Here is an analogy to think about. In science, a complete circuit is an uninterrupted path for electrons to flow from an energy source, through a device, and back to its source. If that path is broken, then the flow of electrons stops, and the device can no longer receive power.

Often, the path is broken through a short circuit. What’s a short circuit? Well, energy likes to follow along a path of least resistance. When it finds a shorter path to follow, it will follow that one instead of the intended one, causing all connected devices to stop receiving power. To fix a short circuit, the damaged wire needs to be identified, cut out, and replaced with a new wire.

We are the Circuit of Life, and this body/mind is a device. The development of the Mind of Me caused a short circuit. Our energy began flowing in another direction – along the path of least resistance. God sent His Son, a master electrician, to deal with it. Taking on the flesh, he identified the Mind of Me as the faulty wire. Then he willingly and lovingly removed it with his crucifixion and replaced it with his resurrection. We now have the Power of God, the Holy Spirit, flowing through us once again.

It is only when we are connected to God’s power that we are able to function properly and fulfill God’s law. If we are short-circuited, we just can’t do it. We have free will, so God allowed the path of least resistance to remain so that we have a choice. So … do we choose to be a fully-powered, functioning part of the circuitry of Life – or to be defunct?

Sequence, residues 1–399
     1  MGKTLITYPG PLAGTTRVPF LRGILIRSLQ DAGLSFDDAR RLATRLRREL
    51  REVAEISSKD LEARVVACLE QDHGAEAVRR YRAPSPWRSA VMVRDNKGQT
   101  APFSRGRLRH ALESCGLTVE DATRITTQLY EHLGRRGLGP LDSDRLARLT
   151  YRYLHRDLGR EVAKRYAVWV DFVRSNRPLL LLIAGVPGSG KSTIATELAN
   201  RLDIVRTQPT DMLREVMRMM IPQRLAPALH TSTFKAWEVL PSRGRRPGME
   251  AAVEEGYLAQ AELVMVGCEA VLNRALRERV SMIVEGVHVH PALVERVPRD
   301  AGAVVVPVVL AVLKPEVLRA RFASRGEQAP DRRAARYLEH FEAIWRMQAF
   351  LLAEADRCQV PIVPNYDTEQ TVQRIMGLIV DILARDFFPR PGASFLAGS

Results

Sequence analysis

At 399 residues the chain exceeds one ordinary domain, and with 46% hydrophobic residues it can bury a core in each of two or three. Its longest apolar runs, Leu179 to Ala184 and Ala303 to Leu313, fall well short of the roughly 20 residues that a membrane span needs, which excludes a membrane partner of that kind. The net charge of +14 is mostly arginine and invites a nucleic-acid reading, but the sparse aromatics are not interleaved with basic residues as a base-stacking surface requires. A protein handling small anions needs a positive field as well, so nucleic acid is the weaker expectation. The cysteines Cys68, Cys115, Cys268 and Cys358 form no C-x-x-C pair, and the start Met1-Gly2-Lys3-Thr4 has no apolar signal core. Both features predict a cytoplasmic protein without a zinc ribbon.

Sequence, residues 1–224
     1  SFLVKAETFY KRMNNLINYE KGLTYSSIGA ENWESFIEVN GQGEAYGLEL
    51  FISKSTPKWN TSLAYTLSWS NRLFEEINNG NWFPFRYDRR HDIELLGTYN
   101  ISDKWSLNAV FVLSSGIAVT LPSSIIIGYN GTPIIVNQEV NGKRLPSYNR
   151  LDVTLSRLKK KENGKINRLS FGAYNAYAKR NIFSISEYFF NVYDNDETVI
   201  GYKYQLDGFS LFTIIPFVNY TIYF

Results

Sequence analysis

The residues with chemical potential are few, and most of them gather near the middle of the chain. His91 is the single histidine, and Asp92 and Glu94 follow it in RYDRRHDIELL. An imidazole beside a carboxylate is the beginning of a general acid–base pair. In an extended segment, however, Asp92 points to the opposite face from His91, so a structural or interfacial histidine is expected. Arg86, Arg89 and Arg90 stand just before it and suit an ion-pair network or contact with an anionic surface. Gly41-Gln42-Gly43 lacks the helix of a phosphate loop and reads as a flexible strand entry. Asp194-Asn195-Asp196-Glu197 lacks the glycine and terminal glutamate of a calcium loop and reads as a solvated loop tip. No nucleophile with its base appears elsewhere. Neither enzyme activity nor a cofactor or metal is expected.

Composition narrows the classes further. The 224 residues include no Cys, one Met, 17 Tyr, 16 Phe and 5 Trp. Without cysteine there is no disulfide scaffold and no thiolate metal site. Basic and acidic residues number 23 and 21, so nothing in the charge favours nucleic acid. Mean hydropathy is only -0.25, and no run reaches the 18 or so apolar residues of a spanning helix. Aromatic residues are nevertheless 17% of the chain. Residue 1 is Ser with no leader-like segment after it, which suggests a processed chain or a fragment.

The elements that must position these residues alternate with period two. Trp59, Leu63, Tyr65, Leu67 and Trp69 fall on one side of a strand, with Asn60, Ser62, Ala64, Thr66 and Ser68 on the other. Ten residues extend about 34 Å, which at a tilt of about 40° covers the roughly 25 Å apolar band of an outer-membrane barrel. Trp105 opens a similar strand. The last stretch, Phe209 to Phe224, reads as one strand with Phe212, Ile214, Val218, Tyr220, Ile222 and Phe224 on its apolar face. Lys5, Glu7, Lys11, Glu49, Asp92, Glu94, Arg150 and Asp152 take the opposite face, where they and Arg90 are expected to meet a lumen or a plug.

Imagine that you need to go on a long road trip, and you have a choice between two drivers. The first one is an expert driver. He knows exactly the path you need to follow to get you to your destination as painlessly and efficiently as possible. And all along the way, he’ll give you very wise advice, keep you on the right track, and comfort and reassure you that all will be well.

The second one has no idea how to drive; he only pretends to know. And he has no clue where you’re going; he only pretends to know. And all along the way, he’ll give you crappy advice, get distracted by all kinds of “shiny things,” leave you lost in some awful places, and fill you with fear and dread. But it won’t be his fault. He’ll consistently blame either you or others for the mess you’re in.

The choice between these two drivers is the choice between life in the Spirit and life in the flesh. So which driver would you choose for that long road trip? Seems like a no brainer, right? Yet most people pick the totally incompetent one.